Olive Leaf Ministries » Nancy Douglas is a Christian speaker and author. She is the mother of an Autistic child and breast cancer survivor

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  • Nancy Douglas

    Nancy speaks and writes through the Olive Leaf Ministries where her testimony of God's mercy and grace amidst life's trials touches the heart of her audiences. Familiar with life's challenges, Nancy raised her Autistic daughter for 26 years, battled breast cancer and only recently lost her daughter to an immune disorder. Nancy and her husband Jimmy also have a son, Drew. They have been married for 31 years and currently reside in Kansas City, Missouri.

    "Thank you so much for your ministry. I continue to receive very positive comments from our ladies. Your tremendously transparent blend of testimony and applicable scriptures are so effective in your teaching." Joyce Cowell, Fayette, MO

Winter Series: The Start

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“Seeing My God in the Winter Time”

Readers…this is my winter journal.

Winter journal…these are my blog friends.

Now we’re introduced, let’s get to know one another!

Never bought one before, a spiral art book that is, but I love it and wish I’d dived off the end of this pool long ago.

She binds 80, 8″ x 11″ creamy textured sheets and offers tons of room to roam with, get this, not a single line to tell me where to stop or go. The only limit is my imagination. It’s spiral bound so I can flip it open flat, a permanent feature I’ll want from now on. Just too way handy!

The girl in me decorated the cover and the ADD part of me titled it “Seeing My God in the Winter Time” to remind me that my focus this season it to purposefully look for God in each windy day. I can tell you the assignment alone has already opened my eyes significantly. About the time I begin to voice or even think a complaint about the inconvenience cold, my heart is convicted to not settle for this age-old default but instead dig below the surface to find God in the very season He created.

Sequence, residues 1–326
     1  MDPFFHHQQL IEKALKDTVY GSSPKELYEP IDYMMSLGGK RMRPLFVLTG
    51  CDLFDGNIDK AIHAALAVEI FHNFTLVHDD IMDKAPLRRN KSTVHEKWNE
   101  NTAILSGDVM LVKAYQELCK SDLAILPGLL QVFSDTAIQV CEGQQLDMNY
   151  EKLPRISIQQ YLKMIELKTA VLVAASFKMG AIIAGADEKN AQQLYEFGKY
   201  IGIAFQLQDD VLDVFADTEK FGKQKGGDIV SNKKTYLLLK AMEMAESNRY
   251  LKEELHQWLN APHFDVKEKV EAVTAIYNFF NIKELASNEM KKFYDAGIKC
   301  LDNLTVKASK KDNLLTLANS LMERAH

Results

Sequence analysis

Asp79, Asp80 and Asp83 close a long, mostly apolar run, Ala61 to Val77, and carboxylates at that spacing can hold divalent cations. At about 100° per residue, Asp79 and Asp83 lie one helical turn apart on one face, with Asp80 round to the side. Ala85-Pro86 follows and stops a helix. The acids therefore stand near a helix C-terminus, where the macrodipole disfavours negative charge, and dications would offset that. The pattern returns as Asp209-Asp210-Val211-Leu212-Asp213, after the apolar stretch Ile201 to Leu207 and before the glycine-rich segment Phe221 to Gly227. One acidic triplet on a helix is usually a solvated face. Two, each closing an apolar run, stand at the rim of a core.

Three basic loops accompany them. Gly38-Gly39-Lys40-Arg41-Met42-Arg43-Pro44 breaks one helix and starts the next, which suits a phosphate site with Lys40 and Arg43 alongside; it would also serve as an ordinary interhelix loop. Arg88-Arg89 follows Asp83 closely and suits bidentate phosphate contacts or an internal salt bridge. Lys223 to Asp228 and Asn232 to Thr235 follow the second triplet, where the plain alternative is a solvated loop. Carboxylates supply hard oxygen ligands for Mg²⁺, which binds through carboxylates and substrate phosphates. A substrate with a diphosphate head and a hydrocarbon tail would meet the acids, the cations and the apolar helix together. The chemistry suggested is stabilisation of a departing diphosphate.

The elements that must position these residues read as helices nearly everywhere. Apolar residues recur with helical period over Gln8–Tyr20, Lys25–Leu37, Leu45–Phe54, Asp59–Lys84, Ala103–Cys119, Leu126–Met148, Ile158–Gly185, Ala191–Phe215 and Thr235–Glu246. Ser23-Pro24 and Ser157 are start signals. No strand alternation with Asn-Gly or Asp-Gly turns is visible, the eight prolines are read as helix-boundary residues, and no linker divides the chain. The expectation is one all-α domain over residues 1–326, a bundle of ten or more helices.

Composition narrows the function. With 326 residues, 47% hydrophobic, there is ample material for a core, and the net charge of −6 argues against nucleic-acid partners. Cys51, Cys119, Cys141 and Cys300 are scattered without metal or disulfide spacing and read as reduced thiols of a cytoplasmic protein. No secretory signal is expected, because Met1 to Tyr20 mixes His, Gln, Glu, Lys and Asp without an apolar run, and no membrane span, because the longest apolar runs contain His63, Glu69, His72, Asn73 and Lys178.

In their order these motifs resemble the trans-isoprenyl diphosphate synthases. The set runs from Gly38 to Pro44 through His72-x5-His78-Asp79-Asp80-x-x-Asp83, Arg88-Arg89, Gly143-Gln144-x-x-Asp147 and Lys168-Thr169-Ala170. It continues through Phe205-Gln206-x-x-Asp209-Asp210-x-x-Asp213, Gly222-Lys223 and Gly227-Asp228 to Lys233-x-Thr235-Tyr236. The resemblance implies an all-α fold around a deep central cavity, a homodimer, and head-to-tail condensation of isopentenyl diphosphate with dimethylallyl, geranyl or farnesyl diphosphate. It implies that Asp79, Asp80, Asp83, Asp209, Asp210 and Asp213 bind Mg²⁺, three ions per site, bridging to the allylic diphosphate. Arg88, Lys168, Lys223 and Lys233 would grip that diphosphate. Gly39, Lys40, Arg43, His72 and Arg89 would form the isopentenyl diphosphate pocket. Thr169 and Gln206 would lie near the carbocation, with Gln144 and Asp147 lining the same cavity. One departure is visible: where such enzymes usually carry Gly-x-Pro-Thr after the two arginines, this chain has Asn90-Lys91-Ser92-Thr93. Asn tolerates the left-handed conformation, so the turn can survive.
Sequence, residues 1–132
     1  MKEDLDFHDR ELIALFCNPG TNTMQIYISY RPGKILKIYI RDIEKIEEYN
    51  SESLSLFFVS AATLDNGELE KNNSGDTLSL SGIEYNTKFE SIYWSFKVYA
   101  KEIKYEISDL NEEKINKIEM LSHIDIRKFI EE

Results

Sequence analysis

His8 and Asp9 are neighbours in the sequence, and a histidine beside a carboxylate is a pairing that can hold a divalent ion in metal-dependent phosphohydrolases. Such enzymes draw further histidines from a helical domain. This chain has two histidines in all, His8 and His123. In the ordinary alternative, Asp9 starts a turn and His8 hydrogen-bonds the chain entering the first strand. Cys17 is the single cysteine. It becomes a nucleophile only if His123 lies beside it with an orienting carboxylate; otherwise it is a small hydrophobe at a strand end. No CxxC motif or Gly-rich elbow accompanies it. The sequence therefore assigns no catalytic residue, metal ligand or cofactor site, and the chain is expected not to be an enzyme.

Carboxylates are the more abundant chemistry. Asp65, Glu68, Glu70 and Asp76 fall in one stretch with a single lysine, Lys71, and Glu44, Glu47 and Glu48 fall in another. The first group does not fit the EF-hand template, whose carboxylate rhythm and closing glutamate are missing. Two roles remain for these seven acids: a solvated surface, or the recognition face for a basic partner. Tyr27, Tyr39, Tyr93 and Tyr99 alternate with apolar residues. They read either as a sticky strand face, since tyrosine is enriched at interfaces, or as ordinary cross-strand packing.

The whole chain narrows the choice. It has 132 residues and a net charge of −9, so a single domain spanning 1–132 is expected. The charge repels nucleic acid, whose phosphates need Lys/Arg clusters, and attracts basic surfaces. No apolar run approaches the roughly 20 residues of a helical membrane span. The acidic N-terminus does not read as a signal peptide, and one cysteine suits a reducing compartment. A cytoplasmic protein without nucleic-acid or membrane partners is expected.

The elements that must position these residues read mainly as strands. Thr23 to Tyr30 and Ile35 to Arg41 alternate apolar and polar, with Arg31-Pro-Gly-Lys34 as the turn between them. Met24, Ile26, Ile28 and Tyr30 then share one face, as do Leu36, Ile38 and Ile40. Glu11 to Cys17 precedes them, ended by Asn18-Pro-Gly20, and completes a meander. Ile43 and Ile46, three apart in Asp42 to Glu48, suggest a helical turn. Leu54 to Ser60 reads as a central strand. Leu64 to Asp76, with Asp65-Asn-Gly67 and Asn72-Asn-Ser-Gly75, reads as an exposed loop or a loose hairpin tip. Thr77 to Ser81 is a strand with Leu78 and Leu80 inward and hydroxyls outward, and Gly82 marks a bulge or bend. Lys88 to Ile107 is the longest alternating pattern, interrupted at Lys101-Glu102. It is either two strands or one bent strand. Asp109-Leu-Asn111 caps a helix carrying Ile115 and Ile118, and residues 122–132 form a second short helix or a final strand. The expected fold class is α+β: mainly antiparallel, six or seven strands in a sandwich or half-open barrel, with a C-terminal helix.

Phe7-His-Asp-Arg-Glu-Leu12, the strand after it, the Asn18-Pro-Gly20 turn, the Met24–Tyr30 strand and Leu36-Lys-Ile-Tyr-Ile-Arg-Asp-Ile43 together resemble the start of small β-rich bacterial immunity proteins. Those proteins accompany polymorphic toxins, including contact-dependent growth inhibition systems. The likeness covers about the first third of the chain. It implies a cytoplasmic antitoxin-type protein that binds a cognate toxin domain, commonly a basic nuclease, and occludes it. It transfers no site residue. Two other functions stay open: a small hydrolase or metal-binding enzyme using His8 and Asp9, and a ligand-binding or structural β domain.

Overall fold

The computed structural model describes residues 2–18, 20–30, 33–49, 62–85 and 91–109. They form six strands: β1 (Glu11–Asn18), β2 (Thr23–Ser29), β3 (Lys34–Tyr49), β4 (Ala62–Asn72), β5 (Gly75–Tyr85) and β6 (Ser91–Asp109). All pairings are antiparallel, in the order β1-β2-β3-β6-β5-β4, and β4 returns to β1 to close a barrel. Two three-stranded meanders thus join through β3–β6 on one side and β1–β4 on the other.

Journaling with or without doodling is a bit of work at first till you get the hang of it. I don’t sit down and draw or journal instantly. It takes precious effort, but it’s important and worth it. Next time I’ll begin sharing what God has only begun to reveal and how it’s warmed my heart in what has always been a very cold and desolate season for me.

Till next time.

Blessings!

November 29, 2014 - 9:29 pm

Cheryl Barker - Looking forward to more!

Grief Does Not Apologize

Utah004Until you grieve you don’t know how you’ll respond. It can slither in and tip your cart before you know what hit you. We learned this recently when our son, Drew, contracted MRSA, the same wicked sickness that killed our daughter.

He was in a lot of pain, had to go to the Emergency Room, and needed help, so Jimmy and I loaded up the dogs and traveled the trek. We’d done it a million times but this time something was amiss. Jimmy seemed cold and distant, almost, dare I say — uncaring.

How could he not be scared to death? We’ve just lost one child to this infection and now our only one left has it too. What’s he missing?

I was angry with Jimmy and the further he pulled away the madder I got. When it bled into the next day I was beyond ticked and tossed it up to God. — “He’s being weird and I don’t understand why. I am not apologizing to him. I didn’t do anything wrong. “